BONN, Germany (AP) _ Germany's defense minister fired one of his top aides Monday amid an escalating scandal over the illicit delivery of 15 Leopard tanks to Turkey.

Revelations that the tanks were sent despite a ban by parliament's budget committee emerged last week after Germany suspended all arms aid to Turkey in protest over its crackdown on Kurdish separatists.

Pressure is building on Chancellor Helmut Kohl to force the resignation of Defense Minister Gerhard Stoltenberg.

The affair is part of a larger outcry in Germany about allegations that NATO partner Turkey has violated the human rights of its minority Kurds. Germany has been one of Turkey's main arms suppliers, but it also is home to about 425,000 Turkish Kurds.

The criticism has strained relations with Turkey, which denies violating Kurds' rights and says it is acting reasonably against an attempt to split off its southeastern region as an independent state. About half of Turkey's 12 million Kurds live in the area, where fighting has escalated in recent weeks.

In a newspaper interview published Sunday, Turkish President Turgut Ozal accused Germany of interfering in other nations' affairs and said ''Hitler's Germany did the same thing.''

Dieter Vogel, Kohl's spokesman, said in a written statement Monday that the chancellor ''rejects the tone and contents'' of Ozal's remarks.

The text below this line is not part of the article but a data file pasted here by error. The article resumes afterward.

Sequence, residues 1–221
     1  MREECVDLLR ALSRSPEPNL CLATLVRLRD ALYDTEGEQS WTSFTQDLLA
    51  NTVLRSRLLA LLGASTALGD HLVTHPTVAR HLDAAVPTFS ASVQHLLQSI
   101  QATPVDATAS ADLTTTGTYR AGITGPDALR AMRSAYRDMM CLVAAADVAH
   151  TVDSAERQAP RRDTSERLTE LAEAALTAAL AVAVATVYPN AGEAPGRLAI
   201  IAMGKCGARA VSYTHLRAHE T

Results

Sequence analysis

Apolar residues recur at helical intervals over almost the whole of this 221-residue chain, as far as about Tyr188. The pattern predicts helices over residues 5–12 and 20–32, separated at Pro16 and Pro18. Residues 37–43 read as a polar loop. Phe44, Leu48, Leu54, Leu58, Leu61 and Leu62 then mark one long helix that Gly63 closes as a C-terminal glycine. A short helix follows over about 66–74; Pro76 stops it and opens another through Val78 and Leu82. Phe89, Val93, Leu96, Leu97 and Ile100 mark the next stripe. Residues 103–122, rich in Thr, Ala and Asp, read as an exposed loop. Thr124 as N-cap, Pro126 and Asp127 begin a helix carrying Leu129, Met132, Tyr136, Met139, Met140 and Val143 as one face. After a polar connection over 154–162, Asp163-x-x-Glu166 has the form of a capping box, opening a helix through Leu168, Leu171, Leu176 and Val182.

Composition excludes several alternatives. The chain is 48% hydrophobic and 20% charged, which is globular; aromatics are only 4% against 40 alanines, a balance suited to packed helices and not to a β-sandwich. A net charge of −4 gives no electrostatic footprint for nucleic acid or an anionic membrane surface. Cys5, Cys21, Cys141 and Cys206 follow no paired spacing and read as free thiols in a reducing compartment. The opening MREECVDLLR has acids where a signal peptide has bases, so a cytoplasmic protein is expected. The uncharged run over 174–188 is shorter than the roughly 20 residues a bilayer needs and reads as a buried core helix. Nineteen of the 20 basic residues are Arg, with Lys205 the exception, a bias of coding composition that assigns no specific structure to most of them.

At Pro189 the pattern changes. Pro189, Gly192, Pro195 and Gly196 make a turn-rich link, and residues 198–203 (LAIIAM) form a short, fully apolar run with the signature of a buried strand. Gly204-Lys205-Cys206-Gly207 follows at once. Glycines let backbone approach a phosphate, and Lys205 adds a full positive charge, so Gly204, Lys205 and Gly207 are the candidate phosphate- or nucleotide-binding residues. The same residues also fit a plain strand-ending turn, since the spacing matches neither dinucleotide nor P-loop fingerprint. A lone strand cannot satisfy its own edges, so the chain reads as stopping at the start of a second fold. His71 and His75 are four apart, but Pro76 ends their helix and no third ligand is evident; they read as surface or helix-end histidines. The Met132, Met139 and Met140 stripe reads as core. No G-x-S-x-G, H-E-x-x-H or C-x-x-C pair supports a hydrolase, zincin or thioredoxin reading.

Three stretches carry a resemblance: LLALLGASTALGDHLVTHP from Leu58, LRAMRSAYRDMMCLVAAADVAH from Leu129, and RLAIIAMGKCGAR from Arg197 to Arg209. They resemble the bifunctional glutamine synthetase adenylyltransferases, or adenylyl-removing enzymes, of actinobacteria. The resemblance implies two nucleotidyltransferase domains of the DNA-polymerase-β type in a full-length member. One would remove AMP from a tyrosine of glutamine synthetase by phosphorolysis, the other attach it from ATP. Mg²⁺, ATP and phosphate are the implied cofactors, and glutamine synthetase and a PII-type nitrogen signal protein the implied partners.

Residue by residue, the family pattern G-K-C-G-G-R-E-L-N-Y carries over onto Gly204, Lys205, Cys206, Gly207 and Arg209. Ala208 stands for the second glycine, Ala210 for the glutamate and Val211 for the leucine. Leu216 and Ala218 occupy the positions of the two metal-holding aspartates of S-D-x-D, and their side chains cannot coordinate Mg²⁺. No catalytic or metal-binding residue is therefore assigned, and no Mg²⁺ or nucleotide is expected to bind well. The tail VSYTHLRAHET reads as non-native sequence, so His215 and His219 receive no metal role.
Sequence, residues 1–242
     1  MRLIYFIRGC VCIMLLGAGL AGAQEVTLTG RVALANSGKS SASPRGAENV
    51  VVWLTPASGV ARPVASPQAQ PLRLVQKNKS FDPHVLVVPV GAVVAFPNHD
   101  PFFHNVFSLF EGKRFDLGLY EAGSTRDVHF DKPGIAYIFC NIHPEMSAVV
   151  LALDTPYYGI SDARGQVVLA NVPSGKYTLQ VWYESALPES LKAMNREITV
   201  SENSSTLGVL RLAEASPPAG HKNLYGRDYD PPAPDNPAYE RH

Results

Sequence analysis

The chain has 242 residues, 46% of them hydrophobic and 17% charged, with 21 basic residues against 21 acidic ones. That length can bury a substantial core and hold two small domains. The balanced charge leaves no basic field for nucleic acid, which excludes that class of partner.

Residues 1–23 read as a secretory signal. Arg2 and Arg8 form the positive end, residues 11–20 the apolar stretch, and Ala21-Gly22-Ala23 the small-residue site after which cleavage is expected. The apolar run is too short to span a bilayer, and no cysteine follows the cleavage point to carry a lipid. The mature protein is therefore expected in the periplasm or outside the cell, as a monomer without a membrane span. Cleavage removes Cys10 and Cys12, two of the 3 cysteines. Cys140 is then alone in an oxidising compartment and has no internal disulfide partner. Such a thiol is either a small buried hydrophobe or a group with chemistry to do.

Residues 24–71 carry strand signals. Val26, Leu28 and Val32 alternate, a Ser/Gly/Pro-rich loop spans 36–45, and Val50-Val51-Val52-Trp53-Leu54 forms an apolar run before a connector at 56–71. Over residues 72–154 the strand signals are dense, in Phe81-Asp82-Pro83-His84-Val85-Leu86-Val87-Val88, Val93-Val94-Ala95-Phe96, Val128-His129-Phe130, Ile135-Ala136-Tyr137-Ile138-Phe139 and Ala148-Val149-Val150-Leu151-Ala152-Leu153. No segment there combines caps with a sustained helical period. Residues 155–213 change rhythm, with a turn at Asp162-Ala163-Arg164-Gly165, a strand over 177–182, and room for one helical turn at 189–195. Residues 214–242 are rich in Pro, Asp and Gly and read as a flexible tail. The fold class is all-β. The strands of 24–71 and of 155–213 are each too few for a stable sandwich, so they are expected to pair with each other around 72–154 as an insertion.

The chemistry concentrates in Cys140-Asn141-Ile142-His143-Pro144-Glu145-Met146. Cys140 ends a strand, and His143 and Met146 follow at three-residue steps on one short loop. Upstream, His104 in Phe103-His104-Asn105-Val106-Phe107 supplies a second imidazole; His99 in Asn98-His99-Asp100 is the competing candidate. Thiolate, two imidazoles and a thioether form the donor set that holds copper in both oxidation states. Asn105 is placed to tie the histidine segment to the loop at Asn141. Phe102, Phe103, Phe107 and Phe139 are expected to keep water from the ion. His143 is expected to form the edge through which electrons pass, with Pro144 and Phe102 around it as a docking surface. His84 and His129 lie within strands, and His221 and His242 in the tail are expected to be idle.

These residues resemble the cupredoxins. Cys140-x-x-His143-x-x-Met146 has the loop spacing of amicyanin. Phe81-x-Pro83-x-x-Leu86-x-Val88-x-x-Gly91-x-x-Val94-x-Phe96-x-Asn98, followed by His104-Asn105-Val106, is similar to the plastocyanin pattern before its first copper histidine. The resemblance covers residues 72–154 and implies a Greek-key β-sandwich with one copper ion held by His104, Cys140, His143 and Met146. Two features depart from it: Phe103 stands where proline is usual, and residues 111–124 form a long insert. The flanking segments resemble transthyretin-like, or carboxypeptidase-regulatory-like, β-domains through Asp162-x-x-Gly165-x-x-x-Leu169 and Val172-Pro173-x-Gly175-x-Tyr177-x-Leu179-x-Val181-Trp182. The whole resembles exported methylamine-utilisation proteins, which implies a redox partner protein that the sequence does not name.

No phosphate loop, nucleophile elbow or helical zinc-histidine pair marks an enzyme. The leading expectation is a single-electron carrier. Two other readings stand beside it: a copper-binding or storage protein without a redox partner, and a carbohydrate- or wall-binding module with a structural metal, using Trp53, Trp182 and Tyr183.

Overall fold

But the statement also took pains to stress that Germany recognized Turkey's needs as a NATO partner that shares a border with Saddam Hussein's Iraq. ''That's why the government carried out special arms assistance for Turkey in the past,'' it said.

Many German politicians had long been pushing for a general weapons embargo against Turkey over the Kurdish issue. In response, the budget committee voted in November to freeze money for the delivery of the 15 tanks.

But a German company responsible for refitting and delivering the tanks was apparently never told about the decision.

Stoltenberg said Wolfgang Ruppelt, No. 3 official at the Defense Ministry, had ''assumed responsibility'' for the shipment being made. He said Ruppelt, 60, would take early retirement.

Ruppelt was present when the committee froze 25 million marks ($13 million) for the tank shipment last year, Stoltenberg said. He said it was Ruppelt's responsiblity to make sure the committee's decision was carried out.

Stoltenberg called the failure to do so ''a mistake,'' but refused to give further details about how the decision was ignored.